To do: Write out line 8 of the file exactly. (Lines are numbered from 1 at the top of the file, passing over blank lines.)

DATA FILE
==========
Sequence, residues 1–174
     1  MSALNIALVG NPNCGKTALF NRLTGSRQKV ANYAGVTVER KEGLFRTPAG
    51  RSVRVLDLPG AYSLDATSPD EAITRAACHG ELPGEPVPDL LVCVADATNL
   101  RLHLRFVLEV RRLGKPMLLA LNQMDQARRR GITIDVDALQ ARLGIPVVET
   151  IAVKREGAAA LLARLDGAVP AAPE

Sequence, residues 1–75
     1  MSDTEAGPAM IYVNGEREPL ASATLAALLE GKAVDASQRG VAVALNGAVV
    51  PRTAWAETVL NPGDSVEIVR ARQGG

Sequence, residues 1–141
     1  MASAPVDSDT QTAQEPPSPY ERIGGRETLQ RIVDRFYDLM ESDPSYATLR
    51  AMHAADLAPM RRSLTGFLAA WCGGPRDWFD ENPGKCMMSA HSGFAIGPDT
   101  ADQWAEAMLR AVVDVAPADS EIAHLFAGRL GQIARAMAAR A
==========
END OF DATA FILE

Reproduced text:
    51  PRTAWAETVL NPGDSVEIVR ARQGG